This month, we’re going to look at a visualization that uses network techniques. Visualizing a network is a matter of nodes and edges. If the network were Facebook, the nodes would be people, and the edges would be the relationships between those people. Instead of people, we are going to look at specific device functionalities as defined by the product codes. And instead of relationships, we are going to look at when device functionalities (i.e., product codes) are used together in a marketed device as evidenced by a 510(k) submission.

In the chart below, we limit ourselves to the example of cardiology devices. We could similarly produce a chart for any therapeutic device category. In addition to identifying the device functionalities that are used with each other, the chart measures two things:

  1. The popularity of each device’s functionality, which means how often a given device functionality is combined with others. Below this is the size of the dot that represents the node.
  2. The frequency with which each device’s functionality is linked to another device’s functionality. Below this is the width of the line that connects to dots or nodes.


This is an interactive chart where you can hover your cursor over a particular node and read the name of the node.


We looked at submissions over a more than 20 year period of time, between 2000 and October 2021. We used software to read every 510(k) summary on FDA’s website during that time. We pulled out of those summaries every mention of a product code. Then we produced a list of every combination of two product codes (i.e., two product codes used in the same 510(k)). Finally, we aggregated these instances for the 20 year period, counting the number of times any two product codes were used together.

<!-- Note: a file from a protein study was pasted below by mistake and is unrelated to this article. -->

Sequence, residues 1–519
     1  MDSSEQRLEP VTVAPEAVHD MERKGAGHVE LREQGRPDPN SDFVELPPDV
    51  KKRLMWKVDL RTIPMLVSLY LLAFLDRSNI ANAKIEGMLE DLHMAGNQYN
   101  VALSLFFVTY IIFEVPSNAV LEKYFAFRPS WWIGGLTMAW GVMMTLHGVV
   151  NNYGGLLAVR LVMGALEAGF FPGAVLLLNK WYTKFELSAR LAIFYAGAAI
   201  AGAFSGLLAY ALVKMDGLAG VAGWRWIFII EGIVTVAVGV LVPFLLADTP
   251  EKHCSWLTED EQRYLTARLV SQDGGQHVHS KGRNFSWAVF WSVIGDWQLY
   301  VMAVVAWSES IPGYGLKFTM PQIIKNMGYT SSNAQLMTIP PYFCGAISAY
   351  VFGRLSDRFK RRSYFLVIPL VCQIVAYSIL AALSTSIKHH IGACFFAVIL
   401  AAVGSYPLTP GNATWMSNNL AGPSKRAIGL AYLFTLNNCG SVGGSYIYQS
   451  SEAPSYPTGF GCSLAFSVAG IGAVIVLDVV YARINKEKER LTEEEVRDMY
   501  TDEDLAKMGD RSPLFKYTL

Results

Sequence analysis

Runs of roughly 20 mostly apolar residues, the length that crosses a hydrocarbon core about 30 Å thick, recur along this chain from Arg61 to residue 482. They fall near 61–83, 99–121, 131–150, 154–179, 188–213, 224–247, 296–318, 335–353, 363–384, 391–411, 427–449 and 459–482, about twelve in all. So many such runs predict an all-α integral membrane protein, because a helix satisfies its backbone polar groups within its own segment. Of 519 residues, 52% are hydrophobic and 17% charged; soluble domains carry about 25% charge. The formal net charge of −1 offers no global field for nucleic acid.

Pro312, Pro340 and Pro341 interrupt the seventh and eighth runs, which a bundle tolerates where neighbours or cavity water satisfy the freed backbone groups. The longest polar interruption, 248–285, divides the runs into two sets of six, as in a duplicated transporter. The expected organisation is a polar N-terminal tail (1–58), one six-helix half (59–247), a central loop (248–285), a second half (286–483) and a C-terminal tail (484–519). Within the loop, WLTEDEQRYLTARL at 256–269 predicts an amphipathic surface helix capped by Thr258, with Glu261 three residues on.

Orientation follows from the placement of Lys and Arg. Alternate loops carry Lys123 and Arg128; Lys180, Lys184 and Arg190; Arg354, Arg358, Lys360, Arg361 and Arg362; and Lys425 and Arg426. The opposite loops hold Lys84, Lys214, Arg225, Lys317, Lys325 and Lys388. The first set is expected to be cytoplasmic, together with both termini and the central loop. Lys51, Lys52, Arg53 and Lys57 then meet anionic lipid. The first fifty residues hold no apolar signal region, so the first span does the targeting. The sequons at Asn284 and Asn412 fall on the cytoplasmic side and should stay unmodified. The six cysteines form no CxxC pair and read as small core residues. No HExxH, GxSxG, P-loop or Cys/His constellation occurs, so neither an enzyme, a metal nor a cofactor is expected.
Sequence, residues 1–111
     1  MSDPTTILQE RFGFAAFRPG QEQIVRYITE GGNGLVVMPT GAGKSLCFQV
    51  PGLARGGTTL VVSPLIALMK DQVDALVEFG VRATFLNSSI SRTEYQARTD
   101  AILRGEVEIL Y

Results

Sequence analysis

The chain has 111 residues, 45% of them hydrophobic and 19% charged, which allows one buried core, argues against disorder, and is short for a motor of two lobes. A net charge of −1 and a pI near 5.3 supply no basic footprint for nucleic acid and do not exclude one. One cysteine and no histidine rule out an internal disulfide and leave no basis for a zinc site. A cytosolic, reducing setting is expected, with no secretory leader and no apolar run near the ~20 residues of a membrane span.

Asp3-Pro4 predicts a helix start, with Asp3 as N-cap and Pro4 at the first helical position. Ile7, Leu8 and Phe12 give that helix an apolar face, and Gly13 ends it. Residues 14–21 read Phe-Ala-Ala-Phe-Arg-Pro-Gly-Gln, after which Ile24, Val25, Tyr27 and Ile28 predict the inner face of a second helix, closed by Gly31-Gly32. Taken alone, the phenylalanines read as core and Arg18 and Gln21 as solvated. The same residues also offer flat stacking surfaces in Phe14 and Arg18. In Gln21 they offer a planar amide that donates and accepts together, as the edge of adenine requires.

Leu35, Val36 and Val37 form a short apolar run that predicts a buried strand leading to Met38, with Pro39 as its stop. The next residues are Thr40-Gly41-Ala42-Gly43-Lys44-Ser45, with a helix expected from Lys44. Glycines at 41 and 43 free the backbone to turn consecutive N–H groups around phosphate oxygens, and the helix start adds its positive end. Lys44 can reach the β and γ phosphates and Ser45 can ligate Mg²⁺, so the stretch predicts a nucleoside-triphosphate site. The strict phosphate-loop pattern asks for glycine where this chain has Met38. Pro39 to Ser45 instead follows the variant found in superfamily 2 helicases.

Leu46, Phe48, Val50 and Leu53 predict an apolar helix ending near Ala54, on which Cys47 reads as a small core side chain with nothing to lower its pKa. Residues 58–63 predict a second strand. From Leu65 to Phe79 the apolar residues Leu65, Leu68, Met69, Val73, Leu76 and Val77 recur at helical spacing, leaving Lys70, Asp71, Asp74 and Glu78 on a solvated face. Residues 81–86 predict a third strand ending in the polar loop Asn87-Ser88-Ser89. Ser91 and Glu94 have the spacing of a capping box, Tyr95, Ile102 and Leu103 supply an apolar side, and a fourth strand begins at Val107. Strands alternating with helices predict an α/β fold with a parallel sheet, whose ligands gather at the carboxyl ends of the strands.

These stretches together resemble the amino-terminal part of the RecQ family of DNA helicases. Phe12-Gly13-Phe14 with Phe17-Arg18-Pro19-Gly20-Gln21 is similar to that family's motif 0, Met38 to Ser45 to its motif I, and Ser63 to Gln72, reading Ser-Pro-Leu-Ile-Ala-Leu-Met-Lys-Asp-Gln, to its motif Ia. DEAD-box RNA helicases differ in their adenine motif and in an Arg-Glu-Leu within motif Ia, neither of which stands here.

There are clearly some product codes – some functionalities – that are very popular to include with other functionalities. In the cardiology space, as illustrated in the chart, right in the center of the network appear to be functionalities such as oximeters, noninvasive blood pressure measuring functionalities, breathing functionality monitors, and physiological patient monitors. That makes sense, as those functionalities measure core body signals for cardiovascular treatment and diagnosis. Lesser hubs that appear more on the periphery, but still nonetheless connect with many of the device functionalities, include various catheter functionalities.

A chart such as this can be useful both in what it shows, and what it doesn’t show. From a research standpoint, this shows where a lot of the historical emphasis has been in product development. In other words, this illustrates the focus on product development with regard to combining device functionalities to achieve some overall clinical objective. Indeed, the chart could also give inspiration to product development as it illustrates areas where maybe a product team could add functionality to what it already has that would be clinically useful.

From a marketing perspective, this also could be used to identify white space, or areas where product development hasn’t focused. Of course, there could be good reasons for that, in the sense that some combinations of device functionalities would simply make no sense or produce no value. But it could also stimulate thinking about areas that simply haven’t been explored as vigorously.